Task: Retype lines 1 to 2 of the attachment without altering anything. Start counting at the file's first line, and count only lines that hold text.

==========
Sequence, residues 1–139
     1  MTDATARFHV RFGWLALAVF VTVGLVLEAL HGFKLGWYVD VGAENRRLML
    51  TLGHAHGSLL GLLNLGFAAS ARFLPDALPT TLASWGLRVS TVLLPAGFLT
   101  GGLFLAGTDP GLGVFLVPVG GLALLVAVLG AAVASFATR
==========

Sequence, residues 1–139
     1  MTDATARFHV RFGWLALAVF VTVGLVLEAL HGFKLGWYVD VGAENRRLML